The answer to feeding a global population sustainably looks more blue than green, according to 100 researchers from around the world.
Blue food is anything that has been captured or grown in the water. Five new studies conducted by the Blue Food Assessment (BFA) have just been published in Nature showing that these aquatic sources could help us to tackle climate change and malnutrition.
The vast team of researchers were located across Stanford University’s Center for Ocean Solutions & Center on Food Security and the Environment, the Stockholm Resilience Centre at Stockholm University and non-profit startup EAT.
Their findings suggest blue foods may have a valuable place in the effort to feed more people, more sustainably.
Bluer foods, better nutrition
Global demand for seafood is poised to double by 2050, according to researchers. This increasing demand will need to be addressed with more aquaculture and farming instead of traditional fishing to stay sustainable.
By investing in new technology and improving practices at fisheries, they estimate that supply can be increased yearly by 8 per cent. That is 13.6 million more tonnes of seafood on our plates.
Researchers suggest this could translate into a reduction of 166 million cases of nutrient deficiency, a problem that disproportionately affects low-income communities.
"For the first time we pulled together data from hundreds of studies on a wide range of seafood species,” explains Ben Halpern, a marine ecologist at UC Santa Barbara's Bren School of Environmental Science & Management.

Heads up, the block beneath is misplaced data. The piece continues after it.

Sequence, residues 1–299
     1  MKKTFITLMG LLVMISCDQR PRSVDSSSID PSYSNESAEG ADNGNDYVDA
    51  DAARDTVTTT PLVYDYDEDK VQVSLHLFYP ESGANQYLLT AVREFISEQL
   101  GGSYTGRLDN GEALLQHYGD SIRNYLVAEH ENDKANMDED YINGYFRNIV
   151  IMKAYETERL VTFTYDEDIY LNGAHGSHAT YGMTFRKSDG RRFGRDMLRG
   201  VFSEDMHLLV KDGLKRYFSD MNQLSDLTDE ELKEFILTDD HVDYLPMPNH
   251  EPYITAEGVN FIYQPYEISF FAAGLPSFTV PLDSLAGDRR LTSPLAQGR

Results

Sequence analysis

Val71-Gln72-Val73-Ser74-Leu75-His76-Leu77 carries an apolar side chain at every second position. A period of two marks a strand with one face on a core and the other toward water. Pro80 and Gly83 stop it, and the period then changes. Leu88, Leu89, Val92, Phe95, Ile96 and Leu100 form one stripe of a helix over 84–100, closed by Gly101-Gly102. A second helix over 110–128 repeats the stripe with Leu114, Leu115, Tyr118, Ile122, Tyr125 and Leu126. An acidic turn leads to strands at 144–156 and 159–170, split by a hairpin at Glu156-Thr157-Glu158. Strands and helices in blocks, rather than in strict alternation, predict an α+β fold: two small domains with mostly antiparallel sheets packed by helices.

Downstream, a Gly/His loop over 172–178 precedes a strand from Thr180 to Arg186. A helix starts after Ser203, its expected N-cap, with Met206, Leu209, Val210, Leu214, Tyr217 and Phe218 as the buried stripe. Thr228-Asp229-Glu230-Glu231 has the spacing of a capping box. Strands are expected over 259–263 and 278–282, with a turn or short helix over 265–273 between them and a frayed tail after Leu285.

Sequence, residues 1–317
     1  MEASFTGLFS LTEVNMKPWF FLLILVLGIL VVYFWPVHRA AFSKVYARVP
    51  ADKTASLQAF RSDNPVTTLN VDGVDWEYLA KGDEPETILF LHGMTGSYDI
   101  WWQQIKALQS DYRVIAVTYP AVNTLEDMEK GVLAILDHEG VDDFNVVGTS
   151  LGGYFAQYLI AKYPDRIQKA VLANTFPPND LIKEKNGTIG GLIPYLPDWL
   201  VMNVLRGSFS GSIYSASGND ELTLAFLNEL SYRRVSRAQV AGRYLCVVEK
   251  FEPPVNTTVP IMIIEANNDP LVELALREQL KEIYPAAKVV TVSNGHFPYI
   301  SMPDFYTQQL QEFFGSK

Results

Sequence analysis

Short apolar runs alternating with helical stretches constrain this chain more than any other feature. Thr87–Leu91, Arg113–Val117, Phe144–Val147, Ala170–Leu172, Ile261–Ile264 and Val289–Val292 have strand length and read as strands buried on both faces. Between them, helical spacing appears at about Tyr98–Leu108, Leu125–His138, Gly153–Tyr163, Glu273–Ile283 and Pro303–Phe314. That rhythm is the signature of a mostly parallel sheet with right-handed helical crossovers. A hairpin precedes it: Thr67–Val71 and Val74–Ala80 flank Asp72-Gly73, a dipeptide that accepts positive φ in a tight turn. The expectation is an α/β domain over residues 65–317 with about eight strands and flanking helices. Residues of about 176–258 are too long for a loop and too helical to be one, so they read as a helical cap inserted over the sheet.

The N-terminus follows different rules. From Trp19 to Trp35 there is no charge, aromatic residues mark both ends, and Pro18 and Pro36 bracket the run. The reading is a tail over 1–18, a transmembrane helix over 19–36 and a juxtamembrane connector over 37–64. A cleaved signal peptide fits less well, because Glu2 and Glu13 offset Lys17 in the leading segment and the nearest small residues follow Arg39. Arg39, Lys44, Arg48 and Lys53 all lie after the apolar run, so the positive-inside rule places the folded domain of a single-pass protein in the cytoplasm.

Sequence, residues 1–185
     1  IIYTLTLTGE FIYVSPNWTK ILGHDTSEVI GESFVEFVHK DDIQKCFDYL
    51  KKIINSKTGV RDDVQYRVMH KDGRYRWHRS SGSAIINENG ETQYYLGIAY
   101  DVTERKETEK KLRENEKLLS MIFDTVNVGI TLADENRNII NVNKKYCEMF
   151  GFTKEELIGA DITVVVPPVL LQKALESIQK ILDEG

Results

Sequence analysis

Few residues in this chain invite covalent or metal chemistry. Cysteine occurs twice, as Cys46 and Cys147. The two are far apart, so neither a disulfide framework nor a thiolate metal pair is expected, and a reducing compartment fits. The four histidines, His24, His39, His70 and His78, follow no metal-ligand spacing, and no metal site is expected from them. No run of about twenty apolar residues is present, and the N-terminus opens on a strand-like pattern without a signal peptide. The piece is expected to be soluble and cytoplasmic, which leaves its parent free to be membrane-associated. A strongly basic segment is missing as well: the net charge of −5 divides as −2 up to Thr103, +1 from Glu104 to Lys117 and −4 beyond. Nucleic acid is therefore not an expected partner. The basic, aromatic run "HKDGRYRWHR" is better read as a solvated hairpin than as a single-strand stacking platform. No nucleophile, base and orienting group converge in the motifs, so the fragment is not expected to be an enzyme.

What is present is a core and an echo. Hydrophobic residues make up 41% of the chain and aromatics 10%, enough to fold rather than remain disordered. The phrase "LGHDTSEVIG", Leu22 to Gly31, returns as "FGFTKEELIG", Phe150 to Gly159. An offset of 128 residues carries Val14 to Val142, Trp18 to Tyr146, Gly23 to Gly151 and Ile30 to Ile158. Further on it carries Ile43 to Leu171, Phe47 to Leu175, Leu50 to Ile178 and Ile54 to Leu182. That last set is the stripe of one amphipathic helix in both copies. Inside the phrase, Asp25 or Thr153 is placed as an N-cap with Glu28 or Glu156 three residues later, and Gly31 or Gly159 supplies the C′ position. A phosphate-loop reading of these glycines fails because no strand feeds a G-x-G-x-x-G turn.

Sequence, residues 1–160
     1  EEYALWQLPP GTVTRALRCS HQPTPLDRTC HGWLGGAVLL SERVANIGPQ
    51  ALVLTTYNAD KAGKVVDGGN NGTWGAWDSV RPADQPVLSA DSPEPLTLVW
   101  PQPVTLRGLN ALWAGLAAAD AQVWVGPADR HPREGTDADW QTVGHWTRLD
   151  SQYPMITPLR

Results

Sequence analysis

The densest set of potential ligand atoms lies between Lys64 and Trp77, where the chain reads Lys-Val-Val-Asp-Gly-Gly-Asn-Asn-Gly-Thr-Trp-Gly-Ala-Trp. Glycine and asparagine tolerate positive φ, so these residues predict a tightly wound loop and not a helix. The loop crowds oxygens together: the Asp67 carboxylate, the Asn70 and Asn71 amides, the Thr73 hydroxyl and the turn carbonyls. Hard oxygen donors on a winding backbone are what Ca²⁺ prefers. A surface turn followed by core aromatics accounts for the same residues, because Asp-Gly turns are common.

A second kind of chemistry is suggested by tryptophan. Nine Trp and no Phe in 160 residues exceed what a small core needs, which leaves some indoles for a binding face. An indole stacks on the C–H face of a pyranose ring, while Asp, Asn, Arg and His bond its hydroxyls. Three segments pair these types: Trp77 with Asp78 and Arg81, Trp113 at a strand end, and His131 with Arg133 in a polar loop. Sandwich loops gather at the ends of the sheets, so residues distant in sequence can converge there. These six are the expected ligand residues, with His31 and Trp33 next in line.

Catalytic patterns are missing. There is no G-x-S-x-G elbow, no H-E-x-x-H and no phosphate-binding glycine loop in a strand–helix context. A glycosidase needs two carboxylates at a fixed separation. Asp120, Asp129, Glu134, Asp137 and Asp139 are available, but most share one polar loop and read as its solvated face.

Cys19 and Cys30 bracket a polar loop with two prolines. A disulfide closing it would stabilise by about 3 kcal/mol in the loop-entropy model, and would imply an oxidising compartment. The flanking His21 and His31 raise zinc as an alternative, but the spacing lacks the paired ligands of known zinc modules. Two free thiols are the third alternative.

Blue food stacks up well when compared with on-land farming, says Halpern, and provides a hopeful option for the future of sustainable food and improved nutrition around the world.
When compared with chicken, trout has 19 times more omega-3 fatty acid, oysters and mussels are 76 times richer in vitamin B-12 and have five times more iron and carp is nine times more calcium-rich, according to the researchers.
By decreasing production costs and increasing accessibility of blue foods, “there will likely be a shift away from land-based foods like chicken, beef and dairy,” explains marine ecologist Bren School.
“I think what made us really excited is knowing that aquatic food could be a useful solution to combating malnutrition, and really showing that comprehensively for the first time.”
The climate challenges of blue food
Relying on the ocean for our food is not without its problems. Organisations such as WWF says, “Fishing is one of the most significant drivers of declines in ocean wildlife populations.”
“Catching fish is not inherently bad for the ocean, except for when vessels catch fish faster than stocks can replenish, something called overfishing.”
Just over 32 per cent of fisheries are currently overfished, according to a 2020 United Nations report.
Climate change poses a disproportionate risk to blue food systems and those living in regions most dependent on blue foods too.
Globally, approximately 100 million people catch or harvest 2,500 species of fish, shellfish, aquatic plants and algae as their main source of income, feeding a total of one billion people. These are the people most vulnerable to the effects of our warming planet, explains the research team.
One of BFA’s studies explains how investing in lower-impact foods produced through aquaculture — such as salmon, tilapia, catfish, and carp — has a similar environmental footprint to chicken, the lowest-impact land-based meat.
“Many fish and invertebrates produced for food emit fewer greenhouse gases, less water pollution and use fewer land and water resources than land-based animal foods,” says Dr Richard Newton, co-author of the study.
He adds that there are plenty of opportunities for reducing the impact of existing blue food systems. Changing our diet to include more species with lower environmental footprints could help too.